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November 2016

Trump’s triumph – running the rule over the next US President

Trump's plans to deliver fiscal stimulus and tax cuts could provide a boost to growth but his views on global trade should concern investors.

Looking beyond the initial shock

The most divisive and bitter US presidential election campaign in living memory ended with Americans unexpectedly voting to upend the establishment, handing populist Donald Trump the keys to the White House.

The Republican candidate, whose proposed policies include building a wall along the Mexican border, raising barriers to global trade and slashing corporation tax, triumphed over his Democratic rival Hillary Clinton by securing far more than the 270 Electoral College votes he needed to become the 45th US President.

Longer term, there are reasons for investors to be both discouraged and encouraged by a Trump presidency.

Key to Trump’s electoral success were victories in the battleground states of Florida, Iowa, North Carolina and Ohio. Hammering home their advantage, Republicans also held on to their majorities in both the House of Representatives and the Senate.

As the US political map turned red so too did the world’s equity markets, which had largely dismissed the firebrand Republican’s chances.

Longer term, there are reasons for investors to be both discouraged and encouraged by a Trump presidency.

Trump no friend of trade

Perhaps the biggest threat to both world growth and financial markets is Trump’s protectionist streak. His proposals to raise trade tariffs – pledging, among other things, to levy a 45 per cent tax on Chinese imports – are a worry. His denouncement of China as a currency manipulator could also invite retaliation from the world’s second biggest economy.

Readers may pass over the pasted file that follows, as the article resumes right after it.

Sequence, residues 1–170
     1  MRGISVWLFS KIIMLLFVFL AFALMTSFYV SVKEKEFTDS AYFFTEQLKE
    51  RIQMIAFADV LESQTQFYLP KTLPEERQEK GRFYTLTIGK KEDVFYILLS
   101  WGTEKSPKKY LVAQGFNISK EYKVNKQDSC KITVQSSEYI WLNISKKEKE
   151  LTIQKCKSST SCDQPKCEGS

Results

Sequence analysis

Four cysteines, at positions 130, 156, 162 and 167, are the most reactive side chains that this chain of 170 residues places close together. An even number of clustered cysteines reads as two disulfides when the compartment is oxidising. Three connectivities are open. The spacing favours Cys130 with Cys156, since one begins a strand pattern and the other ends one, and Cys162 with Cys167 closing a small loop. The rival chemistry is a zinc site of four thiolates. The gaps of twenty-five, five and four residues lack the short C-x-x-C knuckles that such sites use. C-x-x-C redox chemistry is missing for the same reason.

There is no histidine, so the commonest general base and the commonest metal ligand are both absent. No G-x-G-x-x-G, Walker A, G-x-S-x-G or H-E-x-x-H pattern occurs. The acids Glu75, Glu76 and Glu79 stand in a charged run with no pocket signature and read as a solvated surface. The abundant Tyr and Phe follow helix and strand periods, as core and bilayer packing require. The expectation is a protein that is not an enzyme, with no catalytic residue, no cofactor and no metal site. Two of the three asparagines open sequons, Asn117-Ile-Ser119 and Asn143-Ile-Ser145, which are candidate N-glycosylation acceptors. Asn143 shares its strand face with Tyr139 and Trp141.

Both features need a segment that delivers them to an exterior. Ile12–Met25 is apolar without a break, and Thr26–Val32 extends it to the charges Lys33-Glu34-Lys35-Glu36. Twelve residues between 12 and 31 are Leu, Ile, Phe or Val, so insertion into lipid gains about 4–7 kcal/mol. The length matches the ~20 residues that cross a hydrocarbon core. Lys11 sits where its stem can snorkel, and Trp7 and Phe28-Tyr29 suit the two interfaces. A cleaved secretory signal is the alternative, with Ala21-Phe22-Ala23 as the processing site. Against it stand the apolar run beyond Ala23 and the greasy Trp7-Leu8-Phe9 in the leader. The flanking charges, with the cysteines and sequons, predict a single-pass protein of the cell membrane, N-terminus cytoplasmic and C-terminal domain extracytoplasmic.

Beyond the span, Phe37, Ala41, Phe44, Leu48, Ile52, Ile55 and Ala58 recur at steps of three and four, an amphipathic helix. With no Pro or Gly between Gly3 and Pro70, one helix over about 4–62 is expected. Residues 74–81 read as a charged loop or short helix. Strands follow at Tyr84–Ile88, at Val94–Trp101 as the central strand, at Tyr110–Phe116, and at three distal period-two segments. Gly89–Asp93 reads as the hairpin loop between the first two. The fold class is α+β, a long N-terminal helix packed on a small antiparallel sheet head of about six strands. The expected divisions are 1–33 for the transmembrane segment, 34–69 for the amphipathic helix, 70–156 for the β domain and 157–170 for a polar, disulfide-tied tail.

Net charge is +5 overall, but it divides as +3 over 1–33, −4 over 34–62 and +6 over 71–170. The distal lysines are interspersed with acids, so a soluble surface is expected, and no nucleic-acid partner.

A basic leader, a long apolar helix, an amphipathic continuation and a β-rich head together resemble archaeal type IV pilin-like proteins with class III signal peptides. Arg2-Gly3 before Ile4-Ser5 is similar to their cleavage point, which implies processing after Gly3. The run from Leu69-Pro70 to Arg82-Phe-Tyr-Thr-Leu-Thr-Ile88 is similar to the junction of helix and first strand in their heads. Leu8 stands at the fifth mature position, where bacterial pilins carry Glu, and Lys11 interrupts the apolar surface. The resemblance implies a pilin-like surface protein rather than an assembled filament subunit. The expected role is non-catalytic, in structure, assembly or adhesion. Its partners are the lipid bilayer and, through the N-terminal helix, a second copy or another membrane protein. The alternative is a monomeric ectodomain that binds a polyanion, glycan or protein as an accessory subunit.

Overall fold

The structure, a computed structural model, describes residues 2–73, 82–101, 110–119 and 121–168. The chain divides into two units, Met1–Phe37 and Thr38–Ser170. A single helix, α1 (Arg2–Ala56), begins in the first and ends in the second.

At a time when global trade appears to be experiencing a structural decline, Trump’s stance casts a shadow over the world’s economic prospects.

Silver linings: tax, infrastructure

More positively, though, the Republican party’s clean sweep of the White House, House of Representatives and the Senate could mean an end to the policy gridlock that has plagued the US in recent years.

Trump’s plans to slash corporate tax rates from 35 per cent to 15 per cent and raise infrastructure spending by at least USD500 billion – both of which we see as positive for the US economy – are more likely to be enacted with his party now in full control of the legislature. Equally encouraging are his plans to incentivise US multi-nationals to repatriate the cash they have amassed overseas and proposals to simplify the tax code and cut the top rate of income tax.

Wider deficit, higher inflation, higher rates

The combination of tax cuts and public spending increases will however widen the US public sector deficit in the years to come, which is sure to have a major bearing on inflation and bond yields.

Based on the projections of the non-partisan Council for a Responsible Federal Budget, we estimate that the budget deficit will average around 6.1 per cent of GDP per year over the next 10 years, up from 3.1 per cent now. Higher deficits will undoubtedly result in greater inflationary pressures. Inflation should also show up in the labour market, where Trump’s proposals to limit immigration will probably lead to an acceleration in wage growth.
forecasted Winners and losers in the trump era
Trump's agenda